To say that only the tower remains is absurd, but great damage has been done to the nave and the N. aisle. Two heavy bombs were dropped by a plane flying home, one of which fell only a few feet from the N. aisle and the tower, while the other dropped harmlessly on some waste land near some cottages, doing no damage. The explosion of the first blew in part of the wall of the N. aisle and destroyed part of the nave arcade. This brought down the roofs of both aisle and nave, completely destroying all pews etc. By some freak, the patriotic touch which these occasions never lack was supplied by the fact that the Union Jack hung over the War Memorial Tablet was untouched – a fact frequently commented on by sight-seers – “Good old flag still flying” etc. etc.
The chancel and the two chapels, together with the S. aisle appear untouched, except for a few broken windows. The tower is cracked from top to bottom, and, most curious, both the westerly buttresses have been blown off. The opinion seemed to be (expressed by one of the churchwardens, a builder) that the whole tower will either fall or have to be demolished, but I think very strongly that it ought to be shored up at once, and said so.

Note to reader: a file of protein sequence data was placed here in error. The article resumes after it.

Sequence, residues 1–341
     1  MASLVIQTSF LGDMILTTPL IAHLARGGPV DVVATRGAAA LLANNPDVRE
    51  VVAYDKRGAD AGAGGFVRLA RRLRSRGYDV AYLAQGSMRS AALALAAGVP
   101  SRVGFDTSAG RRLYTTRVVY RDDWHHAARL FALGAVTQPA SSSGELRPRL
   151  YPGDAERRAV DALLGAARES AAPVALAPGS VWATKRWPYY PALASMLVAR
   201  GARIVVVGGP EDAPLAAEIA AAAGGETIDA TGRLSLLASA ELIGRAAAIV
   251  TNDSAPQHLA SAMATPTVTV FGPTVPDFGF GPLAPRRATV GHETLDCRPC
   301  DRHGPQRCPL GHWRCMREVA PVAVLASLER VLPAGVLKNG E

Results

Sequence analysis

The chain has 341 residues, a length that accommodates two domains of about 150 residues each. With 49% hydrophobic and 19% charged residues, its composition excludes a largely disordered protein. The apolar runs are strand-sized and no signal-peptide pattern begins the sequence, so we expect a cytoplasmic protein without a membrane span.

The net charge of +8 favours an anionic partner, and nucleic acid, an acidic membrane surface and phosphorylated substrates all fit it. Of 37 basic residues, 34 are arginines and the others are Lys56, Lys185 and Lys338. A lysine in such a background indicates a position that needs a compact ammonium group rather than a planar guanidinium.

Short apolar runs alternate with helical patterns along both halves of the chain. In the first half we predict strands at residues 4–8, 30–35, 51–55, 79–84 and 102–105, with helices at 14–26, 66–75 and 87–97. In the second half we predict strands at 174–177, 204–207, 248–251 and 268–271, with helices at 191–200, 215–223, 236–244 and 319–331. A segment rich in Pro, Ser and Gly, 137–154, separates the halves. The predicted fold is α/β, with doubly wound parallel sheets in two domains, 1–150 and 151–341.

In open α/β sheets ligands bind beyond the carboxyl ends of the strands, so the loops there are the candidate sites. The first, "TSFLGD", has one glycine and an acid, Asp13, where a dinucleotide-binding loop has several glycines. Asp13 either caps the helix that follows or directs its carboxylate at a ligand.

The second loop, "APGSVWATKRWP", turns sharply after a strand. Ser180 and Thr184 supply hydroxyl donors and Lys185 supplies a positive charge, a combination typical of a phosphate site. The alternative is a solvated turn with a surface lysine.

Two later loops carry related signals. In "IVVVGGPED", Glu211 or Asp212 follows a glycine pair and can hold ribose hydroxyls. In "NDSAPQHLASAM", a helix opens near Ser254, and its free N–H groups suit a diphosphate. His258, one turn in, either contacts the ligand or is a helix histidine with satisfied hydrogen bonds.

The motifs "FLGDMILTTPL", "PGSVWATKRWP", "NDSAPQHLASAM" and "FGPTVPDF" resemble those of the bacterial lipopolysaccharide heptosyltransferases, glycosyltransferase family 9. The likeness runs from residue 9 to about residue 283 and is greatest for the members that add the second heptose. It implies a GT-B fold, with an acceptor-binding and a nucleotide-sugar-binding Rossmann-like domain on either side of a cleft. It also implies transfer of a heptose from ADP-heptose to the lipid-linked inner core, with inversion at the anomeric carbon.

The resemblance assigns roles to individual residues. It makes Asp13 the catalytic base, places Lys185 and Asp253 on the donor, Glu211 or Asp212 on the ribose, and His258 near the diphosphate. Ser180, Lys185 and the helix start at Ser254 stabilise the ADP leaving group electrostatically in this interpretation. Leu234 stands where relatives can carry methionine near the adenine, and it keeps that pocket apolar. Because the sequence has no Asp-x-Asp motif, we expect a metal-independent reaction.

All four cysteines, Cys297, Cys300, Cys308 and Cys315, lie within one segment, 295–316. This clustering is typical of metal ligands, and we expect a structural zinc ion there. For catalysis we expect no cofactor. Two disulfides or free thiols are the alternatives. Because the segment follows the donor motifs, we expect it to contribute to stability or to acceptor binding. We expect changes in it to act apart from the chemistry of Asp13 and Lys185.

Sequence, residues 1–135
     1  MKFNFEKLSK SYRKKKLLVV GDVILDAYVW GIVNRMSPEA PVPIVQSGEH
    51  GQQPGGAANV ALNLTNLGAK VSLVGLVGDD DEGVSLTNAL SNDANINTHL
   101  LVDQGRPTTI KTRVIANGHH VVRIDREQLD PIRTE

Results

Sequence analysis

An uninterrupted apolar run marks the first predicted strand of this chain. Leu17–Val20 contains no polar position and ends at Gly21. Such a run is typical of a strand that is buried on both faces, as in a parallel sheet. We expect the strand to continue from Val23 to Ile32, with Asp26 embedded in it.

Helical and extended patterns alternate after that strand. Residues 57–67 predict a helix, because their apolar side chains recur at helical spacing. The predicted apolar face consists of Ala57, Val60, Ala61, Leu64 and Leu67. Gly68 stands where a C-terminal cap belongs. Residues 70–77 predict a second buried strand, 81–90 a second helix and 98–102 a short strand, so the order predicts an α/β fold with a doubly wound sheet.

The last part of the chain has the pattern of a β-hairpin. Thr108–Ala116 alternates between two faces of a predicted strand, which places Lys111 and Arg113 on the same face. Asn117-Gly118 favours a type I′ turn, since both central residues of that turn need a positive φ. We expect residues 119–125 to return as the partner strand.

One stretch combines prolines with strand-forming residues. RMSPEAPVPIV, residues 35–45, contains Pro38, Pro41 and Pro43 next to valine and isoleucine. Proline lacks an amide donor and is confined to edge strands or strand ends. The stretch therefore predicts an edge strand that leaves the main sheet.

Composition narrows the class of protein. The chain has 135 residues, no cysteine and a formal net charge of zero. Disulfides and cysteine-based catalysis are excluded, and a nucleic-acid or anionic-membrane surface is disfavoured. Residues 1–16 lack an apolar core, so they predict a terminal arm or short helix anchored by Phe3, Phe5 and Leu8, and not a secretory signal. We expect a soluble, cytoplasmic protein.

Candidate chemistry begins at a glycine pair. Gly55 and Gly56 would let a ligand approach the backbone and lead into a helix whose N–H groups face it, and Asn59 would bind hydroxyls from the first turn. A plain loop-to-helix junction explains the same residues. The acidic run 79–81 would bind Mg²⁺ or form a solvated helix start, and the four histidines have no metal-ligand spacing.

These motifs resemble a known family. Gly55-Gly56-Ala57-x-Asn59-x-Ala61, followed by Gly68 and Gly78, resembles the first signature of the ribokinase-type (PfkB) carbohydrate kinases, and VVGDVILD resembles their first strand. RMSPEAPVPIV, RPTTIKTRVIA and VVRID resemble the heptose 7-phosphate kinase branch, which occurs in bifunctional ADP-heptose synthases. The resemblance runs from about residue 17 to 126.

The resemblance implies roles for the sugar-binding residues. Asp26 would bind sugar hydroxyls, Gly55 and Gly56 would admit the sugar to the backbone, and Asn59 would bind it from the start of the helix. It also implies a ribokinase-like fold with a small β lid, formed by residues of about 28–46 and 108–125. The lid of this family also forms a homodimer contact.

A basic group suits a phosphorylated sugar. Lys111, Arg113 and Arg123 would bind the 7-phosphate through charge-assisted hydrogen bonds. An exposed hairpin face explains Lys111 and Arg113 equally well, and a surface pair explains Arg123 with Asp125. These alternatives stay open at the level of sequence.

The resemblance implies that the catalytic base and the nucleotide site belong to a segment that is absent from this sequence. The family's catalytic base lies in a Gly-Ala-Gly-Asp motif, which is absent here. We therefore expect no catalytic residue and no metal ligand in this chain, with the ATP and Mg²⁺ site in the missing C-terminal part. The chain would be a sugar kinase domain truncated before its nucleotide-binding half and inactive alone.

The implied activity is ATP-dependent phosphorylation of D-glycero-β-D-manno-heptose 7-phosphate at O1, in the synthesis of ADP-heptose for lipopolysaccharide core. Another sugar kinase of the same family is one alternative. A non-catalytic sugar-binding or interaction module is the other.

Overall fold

Lady Mary Honeywood from Marks Hall is quite safe in the S. Chapel, and as far as I can find the other monuments are mostly safe. Great damage has been done, but the church is certainly repairable. It is fortunate that the roof was modern.
On the journey I noticed in many places wires had been stretched across the fields on tall steel poles to trip up German planes if they try to land. This afternoon an alarm at 4 o’clock. 162 came in, but no Germans were to be seen. Today I wrote to Swinerton of Northleach and Balfour of Slough asking about farm jobs without a great deal of hope.